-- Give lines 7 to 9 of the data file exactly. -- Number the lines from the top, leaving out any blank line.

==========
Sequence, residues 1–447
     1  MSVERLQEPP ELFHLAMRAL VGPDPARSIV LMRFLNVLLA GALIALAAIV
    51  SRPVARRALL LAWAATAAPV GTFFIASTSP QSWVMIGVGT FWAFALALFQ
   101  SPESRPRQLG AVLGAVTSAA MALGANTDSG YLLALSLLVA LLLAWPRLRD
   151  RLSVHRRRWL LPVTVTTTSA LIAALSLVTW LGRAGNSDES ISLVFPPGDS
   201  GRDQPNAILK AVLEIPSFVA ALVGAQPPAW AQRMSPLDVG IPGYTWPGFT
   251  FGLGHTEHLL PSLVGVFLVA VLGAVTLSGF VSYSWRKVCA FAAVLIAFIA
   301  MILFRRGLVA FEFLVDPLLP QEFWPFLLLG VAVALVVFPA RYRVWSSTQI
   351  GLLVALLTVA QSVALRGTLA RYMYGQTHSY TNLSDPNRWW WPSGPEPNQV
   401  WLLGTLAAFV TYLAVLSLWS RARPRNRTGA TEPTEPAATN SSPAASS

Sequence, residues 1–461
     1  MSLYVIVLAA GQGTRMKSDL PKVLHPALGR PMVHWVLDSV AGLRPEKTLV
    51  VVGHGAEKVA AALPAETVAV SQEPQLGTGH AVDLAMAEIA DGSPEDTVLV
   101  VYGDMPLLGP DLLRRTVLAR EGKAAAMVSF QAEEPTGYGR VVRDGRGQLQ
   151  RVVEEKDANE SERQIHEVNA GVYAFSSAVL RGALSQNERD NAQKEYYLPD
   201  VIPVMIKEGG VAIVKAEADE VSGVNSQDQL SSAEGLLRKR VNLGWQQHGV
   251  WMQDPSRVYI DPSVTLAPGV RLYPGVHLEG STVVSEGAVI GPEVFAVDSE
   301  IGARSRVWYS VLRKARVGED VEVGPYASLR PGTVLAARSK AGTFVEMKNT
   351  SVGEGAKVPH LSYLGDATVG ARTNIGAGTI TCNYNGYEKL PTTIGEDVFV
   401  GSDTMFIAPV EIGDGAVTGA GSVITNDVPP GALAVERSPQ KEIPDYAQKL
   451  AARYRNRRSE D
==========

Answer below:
   251  FGLGHTEHLL PSLVGVFLVA VLGAVTLSGF VSYSWRKVCA FAAVLIAFIA
   301  MILFRRGLVA FEFLVDPLLP QEFWPFLLLG VAVALVVFPA RYRVWSSTQI
   351  GLLVALLTVA QSVALRGTLA RYMYGQTHSY TNLSDPNRWW WPSGPEPNQV